Now, I have to admit (and this is to your advantage) – I’ve already read the second in the series, The Hero’s Lot,  and I can confidently say that Carr is quickly becoming a favorite author of mine!  This excellent epic fantasy series from Bethany House (God bless them for continuing to publish Christian fantasy novels) includes a classic hero’s plot arc, political intrigues, exotic locales, and of course, a certain amount of romantic tension as well.  We are also treated to hints of a burgeoning reformation in a spiritual system that closely mirrors the bureaucracy and power-mongering of the Middle Ages Catholic church and force of darkness at work to manipulate politics for their own ends.

Essentially – I cannot wait for the third book to come out!  Draw of Kings, I long for you!  (Slated for release in January 2014!)

Best yet – the Kindle version of A Cast of Stones is free right now and the ePub version is as well – go get it!

It’s also available in print at AMAZON.COM and at CHRISTIANBOOK.COM!

Don’t forget to visit my fellow CSFF bloggers and read their thoughts as well:

Julie Bihn
Jennifer Bogart
Keanan Brand
Beckie Burnham
Jeff Chapman
Laure Covert
Pauline Creeden
Emma or Audrey Engel
April Erwin
Nikole Hahn
Jason Joyner
Carol Keen
Krystine Kercher
Shannon McDermott
Meagan @ Blooming with Books
Rebecca LuElla Miller
Writer Rani
Nathan Reimer
Chawna Schroeder
Jojo Sutis
Steve Trower
Phyllis Wheeler
Rachel Wyant

Add a Comment
14. Book Review: Three Decades of Fertility

Moms who have surrendered their fertility to the Lord often walk a lonely path.  With decades of anti-child culture behind us, it’s a rare and precious thing to find older women who can truly encourage and mentor us through trying times as we deal with the real-life issues of bearing and raising many children for [...]

Add a Comment
15. Book Review: The Candle Classic Bible by Alan Parry

We adore storybook Bibles here – I’m reluctant to admit how many of them I own!  So I was excited to take a peek at The Candle Classic Bible which I received to review.  The Bible includes 365 stories from the scriptures, both Old and New Testament, and the readings are divided into 365 short selections, [...]

Add a Comment
16. CFBA Tour: Harvest of Gold by Tessa Afshar

This week, the  Christian Fiction Blog Alliance  is introducing  Harvest of Gold  River North; New Edition edition (July 1, 2013)  by  Tessa AfsharABOUT THE AUTHOR: TESSA AFSHAR was voted “New Author of the Year” by the Family Fiction sponsored Reader’s Choice Award 2011 for her novel Pearl in the Sand. She was born in Iran, [...]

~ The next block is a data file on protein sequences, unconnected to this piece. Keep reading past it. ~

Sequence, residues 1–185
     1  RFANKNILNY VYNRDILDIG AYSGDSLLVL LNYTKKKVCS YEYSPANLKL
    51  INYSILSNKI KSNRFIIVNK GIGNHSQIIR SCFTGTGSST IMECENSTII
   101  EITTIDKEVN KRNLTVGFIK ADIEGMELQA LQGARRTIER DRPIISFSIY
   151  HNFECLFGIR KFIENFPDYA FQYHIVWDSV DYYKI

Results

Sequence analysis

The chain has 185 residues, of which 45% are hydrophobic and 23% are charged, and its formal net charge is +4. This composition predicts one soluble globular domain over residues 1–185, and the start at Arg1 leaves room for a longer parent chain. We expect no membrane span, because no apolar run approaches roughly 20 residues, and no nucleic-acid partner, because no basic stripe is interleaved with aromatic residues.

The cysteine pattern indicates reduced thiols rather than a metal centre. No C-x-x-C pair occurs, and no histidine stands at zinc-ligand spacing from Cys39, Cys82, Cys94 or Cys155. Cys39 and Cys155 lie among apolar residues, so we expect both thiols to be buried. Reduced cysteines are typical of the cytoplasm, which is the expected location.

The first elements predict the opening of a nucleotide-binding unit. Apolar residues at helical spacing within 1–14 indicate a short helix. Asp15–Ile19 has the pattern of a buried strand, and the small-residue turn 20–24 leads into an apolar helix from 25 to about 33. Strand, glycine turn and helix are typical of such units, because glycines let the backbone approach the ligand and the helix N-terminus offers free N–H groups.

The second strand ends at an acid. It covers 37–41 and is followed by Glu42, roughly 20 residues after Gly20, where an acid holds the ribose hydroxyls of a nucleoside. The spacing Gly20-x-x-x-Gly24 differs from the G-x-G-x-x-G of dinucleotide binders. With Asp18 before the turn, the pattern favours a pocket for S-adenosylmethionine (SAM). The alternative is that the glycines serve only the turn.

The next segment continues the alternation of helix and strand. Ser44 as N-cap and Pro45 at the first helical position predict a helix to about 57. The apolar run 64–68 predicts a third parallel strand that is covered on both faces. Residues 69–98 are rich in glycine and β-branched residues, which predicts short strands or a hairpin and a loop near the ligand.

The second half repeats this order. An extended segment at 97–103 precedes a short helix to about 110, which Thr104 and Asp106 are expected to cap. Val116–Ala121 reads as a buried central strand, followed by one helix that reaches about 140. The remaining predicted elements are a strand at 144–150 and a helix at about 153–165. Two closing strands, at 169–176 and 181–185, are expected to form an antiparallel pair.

Add a Comment
17. Trim Healthy Mama Before and After: 32 lb. Weight Loss

I have a secret.  I haven’t blogged about it yet, but I’ve lost 32 lbs. over the past 14 weeks by following the way of eating laid out in Trim Healthy Mama.  This isn’t a formal book review, I just want to share my story with you. I’m the mother of five children so far, [...]

Add a Comment
18. CFBA Tour: The Judgement Stone by Robert Liparulo

This week, the  Christian Fiction Blog Alliance  is introducing  The Judgment Stone  Thomas Nelson (May 14, 2013)  by  Robert LiparuloABOUT THE AUTHOR: Former journalist Robert Liparulo is the best-selling author of the thrillers Comes a Horseman, Germ, Deadfall, Deadlock, and The 13th Tribe, as well as The Dreamhouse Kings, an action-adventure series for young adults. [...]

Add a Comment
19. CSFF Tour: The Orphan King by Sigmund Brouwer

This week CSFF has been touring The Orphan King by Sigmund Brouwer.  I love Brouwer’s writing, and I’ve indulged in it a few times, and it doesn’t disappoint here.  I haven’t had the time to write up a full review yet – perhaps the fact that 4 out of 5 of our children have come [...]

Add a Comment
20. Clearing Out the House

When we moved last year we had a LOT of things to go through before we could fit all of our belongings into our refitted school bus.  We drove and slept in the front part of the bus, and all of our belongings had to fit into the back part of the bus.  It’s a [...]

Add a Comment
21. FIRST Tour: 52 Things Daughters Need from Their Dads: What Fathers Can Do to Build a Lasting Relationship by Jay Payleitner

We have four daughters so far, so this is an important book for us! It is time for a FIRST Wild Card Tour book review! If you wish to join the FIRST blog alliance, just click the button. We are a group of reviewers who tour Christian books. A Wild Card post includes a brief [...]

Add a Comment
22. Buying Used Cars

This post brought to you by Insurance Hunter. All opinions are 100% mine. The first car I bought was used.  The first truck I bought was used.  The first van I bought was used.  The school bus we used to move to Nova Scotia from Alberta was used.  And finally, the van we bought when [...]

Add a Comment
23. FIRST Tour: 10 Questions Kids Ask About Sex by Bill and Pam Farrel

It is time for a FIRST Wild Card Tour book review! If you wish to join the FIRST blog alliance, just click the button. We are a group of reviewers who tour Christian books. A Wild Card post includes a brief bio of the author and a full chapter from each book toured. The reason [...]

Add a Comment
24. FIRST Tour: Moms Raising Sons to Be Men by Rhonda Stoppe

It is time for a FIRST Wild Card Tour book review! If you wish to join the FIRST blog alliance, just click the button. We are a group of reviewers who tour Christian books. A Wild Card post includes a brief bio of the author and a full chapter from each book toured. The reason [...]

Add a Comment
25. FIRST Tour: What Happens When Young Women Say Yes to God by Lysa TerKeurst and Hope TerKeurst

It is time for a FIRST Wild Card Tour book review! If you wish to join the FIRST blog alliance, just click the button. We are a group of reviewers who tour Christian books. A Wild Card post includes a brief bio of the author and a full chapter from each book toured. The reason [...]

Add a Comment

View Next 25 Posts